of 1908 as follows:
Finings are also added to each keg in about the same proportion as for lager beer. Trade packages are then gone over with a special filling can, filled completely and closed with iron screw bungs. After two days they are ready for shipment. The beer should be about 5 or 10 days old before leaving the brewery when it has obtained the necessary pressure. In the saloon it is laid up for two days to allow settling, the bung being opened, as a rule, over night, to allow just a small amount of gas to escape, so as to be able to draw from the faucets without getting too much foam. This is done if drawing directly from the keg, while, if using beer apparatus, "steaming," as the escape of gas is called, is unnecessary.

If this beer is properly brewed and handled it makes a very clear, refreshing drink, much consumed by the laboring classes. It will keep for some time in trade packages, i.e. from 2 to 6 months, but is usually brewed and consumed within a month or three weeks.
 

Juliobrewer (195.93.32.11)
Posted on Wednesday, December 24, 2003 - 05:35 pm:   Edit Post Delete Post View Post/Check IP    Ban Poster IP (Moderator/Admin only)

Thanks to everyone for all the info! As for bottling we don't have the equipment yet though in the new year we may invest in a bottled conditioning setup for small batches. And for ageing all i've only open fermenters and no C.T.s so any lengthly aging will have to take place in the cask.

I should say i've brewed the C.C. before with wyeast 2112 and found the yeast well suited to cask beers. With the standard ales we produce we rack with just enough gravity points for standerd cask carbonation. I'd be hesitant to rack a still rapidly fermenting beer with enough force to blow the shives right through the ceiling!! Though if anyones had experience in that department i'd be interested to hear.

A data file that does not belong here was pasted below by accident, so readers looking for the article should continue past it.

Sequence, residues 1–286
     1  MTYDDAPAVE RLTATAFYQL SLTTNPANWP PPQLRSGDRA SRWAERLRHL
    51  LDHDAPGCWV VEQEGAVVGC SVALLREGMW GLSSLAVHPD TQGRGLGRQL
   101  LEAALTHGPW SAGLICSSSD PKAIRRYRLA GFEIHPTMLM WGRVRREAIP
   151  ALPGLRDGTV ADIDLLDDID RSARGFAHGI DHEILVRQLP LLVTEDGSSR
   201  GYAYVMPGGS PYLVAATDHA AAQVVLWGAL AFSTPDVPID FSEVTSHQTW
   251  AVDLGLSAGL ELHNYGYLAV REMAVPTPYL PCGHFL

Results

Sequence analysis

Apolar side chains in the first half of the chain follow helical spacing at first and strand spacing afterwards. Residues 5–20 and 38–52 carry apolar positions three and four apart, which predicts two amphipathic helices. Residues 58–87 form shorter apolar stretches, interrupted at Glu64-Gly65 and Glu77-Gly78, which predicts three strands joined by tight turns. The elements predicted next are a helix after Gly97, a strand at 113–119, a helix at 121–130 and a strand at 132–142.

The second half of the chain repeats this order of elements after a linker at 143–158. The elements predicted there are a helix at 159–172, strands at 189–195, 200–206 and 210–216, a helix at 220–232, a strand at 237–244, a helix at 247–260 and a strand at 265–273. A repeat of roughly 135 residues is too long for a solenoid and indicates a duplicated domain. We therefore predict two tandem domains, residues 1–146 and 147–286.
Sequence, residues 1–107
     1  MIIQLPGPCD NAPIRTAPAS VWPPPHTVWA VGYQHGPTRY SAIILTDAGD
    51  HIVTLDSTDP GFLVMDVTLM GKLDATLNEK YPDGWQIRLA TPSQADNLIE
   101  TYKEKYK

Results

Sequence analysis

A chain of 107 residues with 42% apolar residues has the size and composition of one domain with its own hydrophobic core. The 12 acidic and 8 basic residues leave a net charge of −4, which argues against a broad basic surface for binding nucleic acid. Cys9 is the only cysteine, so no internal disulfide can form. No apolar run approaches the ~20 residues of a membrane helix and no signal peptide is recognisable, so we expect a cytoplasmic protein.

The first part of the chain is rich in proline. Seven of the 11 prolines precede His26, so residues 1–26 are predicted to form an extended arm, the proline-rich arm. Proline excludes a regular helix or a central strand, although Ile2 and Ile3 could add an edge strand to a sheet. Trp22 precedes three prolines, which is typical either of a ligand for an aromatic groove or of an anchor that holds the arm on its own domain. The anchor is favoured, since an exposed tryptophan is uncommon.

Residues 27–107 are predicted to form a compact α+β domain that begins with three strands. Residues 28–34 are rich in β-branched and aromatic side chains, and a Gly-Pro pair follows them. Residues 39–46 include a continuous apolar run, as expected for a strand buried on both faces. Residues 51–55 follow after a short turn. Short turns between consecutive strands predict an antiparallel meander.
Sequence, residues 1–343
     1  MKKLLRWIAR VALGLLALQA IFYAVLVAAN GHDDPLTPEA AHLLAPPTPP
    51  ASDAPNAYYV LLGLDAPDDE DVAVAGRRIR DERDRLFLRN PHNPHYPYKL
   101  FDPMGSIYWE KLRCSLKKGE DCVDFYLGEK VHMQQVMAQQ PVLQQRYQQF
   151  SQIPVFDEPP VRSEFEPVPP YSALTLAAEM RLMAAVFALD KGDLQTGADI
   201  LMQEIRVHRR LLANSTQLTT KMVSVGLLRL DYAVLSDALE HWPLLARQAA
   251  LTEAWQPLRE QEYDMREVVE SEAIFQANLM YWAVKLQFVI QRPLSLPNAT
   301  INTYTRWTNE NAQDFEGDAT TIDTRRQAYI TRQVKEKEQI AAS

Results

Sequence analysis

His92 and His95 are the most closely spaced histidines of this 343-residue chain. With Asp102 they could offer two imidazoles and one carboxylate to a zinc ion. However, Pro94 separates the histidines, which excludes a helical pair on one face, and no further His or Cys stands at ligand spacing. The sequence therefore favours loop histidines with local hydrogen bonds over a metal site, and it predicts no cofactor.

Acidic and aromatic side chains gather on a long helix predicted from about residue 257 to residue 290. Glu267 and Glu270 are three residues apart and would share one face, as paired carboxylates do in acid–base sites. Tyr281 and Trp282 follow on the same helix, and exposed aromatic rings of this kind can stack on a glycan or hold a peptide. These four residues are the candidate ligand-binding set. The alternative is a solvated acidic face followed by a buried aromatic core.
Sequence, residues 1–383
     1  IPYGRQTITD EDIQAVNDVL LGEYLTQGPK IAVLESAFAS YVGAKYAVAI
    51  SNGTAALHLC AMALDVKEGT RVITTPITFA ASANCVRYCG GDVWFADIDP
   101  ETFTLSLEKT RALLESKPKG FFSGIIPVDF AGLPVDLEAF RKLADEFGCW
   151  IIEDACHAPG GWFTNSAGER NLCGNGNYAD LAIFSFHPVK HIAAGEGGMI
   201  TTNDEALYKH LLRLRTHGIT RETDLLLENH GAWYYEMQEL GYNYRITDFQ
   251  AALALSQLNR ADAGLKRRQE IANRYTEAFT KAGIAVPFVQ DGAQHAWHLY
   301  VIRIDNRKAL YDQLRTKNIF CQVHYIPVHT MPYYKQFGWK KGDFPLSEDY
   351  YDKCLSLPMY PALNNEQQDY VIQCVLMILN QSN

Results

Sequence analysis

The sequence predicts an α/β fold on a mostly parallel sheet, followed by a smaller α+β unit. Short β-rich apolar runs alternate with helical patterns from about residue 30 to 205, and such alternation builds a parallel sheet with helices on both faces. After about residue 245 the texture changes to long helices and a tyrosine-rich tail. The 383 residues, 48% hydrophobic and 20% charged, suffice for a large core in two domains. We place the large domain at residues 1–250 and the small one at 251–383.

aquavitae (134.84.195.46)
Posted on Wednesday, December 24, 2003 - 05:57 pm:   Edit Post Delete Post View Post/Check IP    Ban Poster IP (Moderator/Admin only)

Hi JB. I for one would be interested in hearing a bit more about your operation and how you became interested in brewing non English styles, should you be so inclined. Given some of the technical limitations it sounds like you'll face with the CC, have you considered other styles that might be more amendable to your operation, like a cream ale, American pale, or dare I say it, an American style IPA?
 

Juliobrewer (195.93.32.11)
Posted on Thursday, December 25, 2003 - 01:02 pm:   Edit Post Delete Post View Post/Check IP    Ban Poster IP (Moderator/Admin only)

Hi AV,

I'm actually a Canuck so adapting North American styles of beer for the British market is one of my interests.

As for our kit it's fairly standerd for real ale operations. Our standard brew length of 2.5 bbls though we can squeeze abit more through with the weaker beers.

I tend to get a little bored sometimes churning out 3.8% abv bitter all the time. My customers like trying something new though the English tend to be shocked if you put anything over 5% on the pumps so that does limit what you can do sometimes.. But i'm planning to do some one offs in the new year so trying N.A. styles like you mentioned is on the cards.